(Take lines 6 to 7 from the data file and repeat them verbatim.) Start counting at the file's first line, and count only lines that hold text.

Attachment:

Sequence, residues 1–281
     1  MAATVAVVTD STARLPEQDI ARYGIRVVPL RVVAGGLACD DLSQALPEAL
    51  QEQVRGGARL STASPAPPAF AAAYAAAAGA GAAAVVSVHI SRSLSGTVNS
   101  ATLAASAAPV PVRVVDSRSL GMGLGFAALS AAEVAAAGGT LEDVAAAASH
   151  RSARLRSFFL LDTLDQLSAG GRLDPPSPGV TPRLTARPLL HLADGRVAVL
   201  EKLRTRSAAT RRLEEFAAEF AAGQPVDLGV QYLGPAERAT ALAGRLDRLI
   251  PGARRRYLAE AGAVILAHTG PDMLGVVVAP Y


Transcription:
   201  EKLRTRSAAT RRLEEFAAEF AAGQPVDLGV QYLGPAERAT ALAGRLDRLI
   251  PGARRRYLAE AGAVILAHTG PDMLGVVVAP Y